There was a clear picture a year ago on which teams were the No. 1 seeds heading into Selection Sunday. This year, because of the unpredictable nature of the college basketball season, determining the top seeds is as clouded as ever.

The field of No. 1 seed candidates is so muddled that the NCAA Tournament Committee won’t know anything for certain until just before the field is announced tonight (6 p.m., Ch. 4).

“I would like to tell you as we sit around this room, we would love to have it come into focus prior to [today],” said Mike Bobinski, the NCAA Tournament chairman. “It just makes the job a little clearer for us. We can get to the job of bracketing a little sooner, really give ourselves a chance to digest that and give it a good once over to make sure we’re comfortable with the whole picture. That being said, we’re going to do what the field tells us to do. If it doesn’t clarify, we’ll leave things open to the best of our ability and allow for some adjustments at the last minute.”

Last year, everything fell into place early. Kentucky and Syracuse had long established themselves as tournament favorites and North Carolina was close behind while Michigan State made its customary late season push to earn the fourth No. 1 seed. This year? Parity rules.

“As I walk into our process this year, I would tell you that I probably have seven teams that are in my mind for those first four spots,” Bobinski said. “That’s about where I am right now. I think seven for the top four. It could be even as few as six. It’s more than four for the top four, I know that.”

The lone no-brainer is No. 1 ranked Gonzaga (31-2), the country’s most consistent team. But whether the Bulldogs actually gain a No. 1 seed is another story.

“The drumbeat I hear from some people is you can’t be a No. 1 seed out of a league like the West Coast Conference,” ESPN’s Joe Lunardi said. “I think that’s absolutely mind-numbingly wrong. I don’t know what more Gonzaga has to show us to be considered to be one of the four best teams in the country. … To say Gonzaga isn’t worthy of a No. 1 seed is flat-out nuts.”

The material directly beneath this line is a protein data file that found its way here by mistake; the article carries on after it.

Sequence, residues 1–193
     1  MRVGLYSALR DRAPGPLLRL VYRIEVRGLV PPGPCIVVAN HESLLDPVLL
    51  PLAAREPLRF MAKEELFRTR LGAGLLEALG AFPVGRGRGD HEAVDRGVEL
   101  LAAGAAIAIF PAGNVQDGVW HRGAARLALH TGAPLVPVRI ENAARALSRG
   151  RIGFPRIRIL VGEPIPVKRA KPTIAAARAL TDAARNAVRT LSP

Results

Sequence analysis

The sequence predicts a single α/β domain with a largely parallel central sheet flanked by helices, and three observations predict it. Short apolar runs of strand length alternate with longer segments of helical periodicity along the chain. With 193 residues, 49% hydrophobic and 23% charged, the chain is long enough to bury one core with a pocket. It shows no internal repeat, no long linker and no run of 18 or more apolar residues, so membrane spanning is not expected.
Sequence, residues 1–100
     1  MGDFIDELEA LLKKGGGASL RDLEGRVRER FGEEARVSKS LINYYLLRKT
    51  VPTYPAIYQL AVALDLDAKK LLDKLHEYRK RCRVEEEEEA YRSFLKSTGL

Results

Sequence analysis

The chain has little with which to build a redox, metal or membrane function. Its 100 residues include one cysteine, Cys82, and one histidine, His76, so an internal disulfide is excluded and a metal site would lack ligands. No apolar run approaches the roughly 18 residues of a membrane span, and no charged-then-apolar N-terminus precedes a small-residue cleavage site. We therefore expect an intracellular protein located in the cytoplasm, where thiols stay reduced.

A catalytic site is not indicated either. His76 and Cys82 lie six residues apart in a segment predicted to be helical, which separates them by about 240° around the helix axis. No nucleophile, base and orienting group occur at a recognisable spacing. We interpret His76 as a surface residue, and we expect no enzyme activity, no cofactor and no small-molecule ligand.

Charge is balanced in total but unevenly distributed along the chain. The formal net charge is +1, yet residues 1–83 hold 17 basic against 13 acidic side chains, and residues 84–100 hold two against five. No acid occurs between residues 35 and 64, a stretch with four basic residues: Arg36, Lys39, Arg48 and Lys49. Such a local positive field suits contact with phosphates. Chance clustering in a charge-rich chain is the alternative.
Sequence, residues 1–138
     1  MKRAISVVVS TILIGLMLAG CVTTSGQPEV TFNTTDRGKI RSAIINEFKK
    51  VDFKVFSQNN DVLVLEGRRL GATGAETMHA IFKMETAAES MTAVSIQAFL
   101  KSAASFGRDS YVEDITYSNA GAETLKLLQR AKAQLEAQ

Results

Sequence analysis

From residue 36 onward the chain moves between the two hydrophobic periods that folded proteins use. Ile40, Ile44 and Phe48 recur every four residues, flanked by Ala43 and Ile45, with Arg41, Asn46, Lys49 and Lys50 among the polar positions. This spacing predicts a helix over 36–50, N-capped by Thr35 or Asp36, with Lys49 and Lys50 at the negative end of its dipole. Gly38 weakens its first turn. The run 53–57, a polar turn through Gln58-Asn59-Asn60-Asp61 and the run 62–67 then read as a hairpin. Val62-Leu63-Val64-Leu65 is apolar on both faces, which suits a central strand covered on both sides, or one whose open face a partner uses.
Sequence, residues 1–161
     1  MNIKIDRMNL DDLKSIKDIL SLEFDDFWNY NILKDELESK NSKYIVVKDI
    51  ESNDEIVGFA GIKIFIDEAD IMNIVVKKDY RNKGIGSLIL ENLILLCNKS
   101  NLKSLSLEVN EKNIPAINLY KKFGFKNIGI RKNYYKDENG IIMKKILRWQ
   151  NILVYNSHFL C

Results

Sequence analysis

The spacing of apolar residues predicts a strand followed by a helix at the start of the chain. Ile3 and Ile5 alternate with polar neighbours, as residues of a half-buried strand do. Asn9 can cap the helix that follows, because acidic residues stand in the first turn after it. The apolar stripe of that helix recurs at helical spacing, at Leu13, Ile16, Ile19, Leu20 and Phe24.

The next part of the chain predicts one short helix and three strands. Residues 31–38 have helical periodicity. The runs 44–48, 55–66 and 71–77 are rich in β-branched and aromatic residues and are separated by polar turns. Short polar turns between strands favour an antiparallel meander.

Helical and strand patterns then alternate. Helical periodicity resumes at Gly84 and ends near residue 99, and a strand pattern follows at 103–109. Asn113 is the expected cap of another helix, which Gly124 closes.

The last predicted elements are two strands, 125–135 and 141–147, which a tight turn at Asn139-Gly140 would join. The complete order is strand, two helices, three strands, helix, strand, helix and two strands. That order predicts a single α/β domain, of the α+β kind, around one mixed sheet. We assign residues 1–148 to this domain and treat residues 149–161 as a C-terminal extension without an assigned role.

Louisville, 29-5 after defeating Syracuse in Saturday night’s Big East Championship game, certainly made a case for a top overall seed by running the table in the tournament and beating the Orange. A loss could have moved them down to No. 2.

Kansas (29-5) dominated the Big 12 during the regular season and beat rival Kansas State in the tournament final on Saturday.

At times this year, Indiana (27-6) displayed dominance similar to that of Kentucky’s 2012 national championship team, but the Hoosiers’ loss Saturday in the Big 10 semifinals to Wisconsin perhaps knocked them from the No. 1 overall seed but not from the top line.

“They’re the least vulnerable because they have the biggest chip you can put in your pocket and that’s an outright championship of the best league in the country,” Lunardi said.

And Duke (27-5), an annual top seed candidate, could fall to the No. 2 line because of its loss Friday night to Maryland in the ACC Tournament quarterfinals.

And what if Miami (26-6) defeats late-charging North Carolina for the ACC title today? Perhaps Ohio State (25-7) raises its resume with a Big 10 Tournament championship win today over Wisconsin.

Does New Mexico (29-5), with its strong strength of schedule (third) have a legitimate argument? Mere hours away from Selection Sunday and it’s too early to tell.

“It’s probably as big as it’s ever been,” Bobinski said. “I’m not sure it’s any larger than maybe a couple years back. But it probably hasn’t ever been any more significant than that in terms of the volume of teams that could compete for that top line.”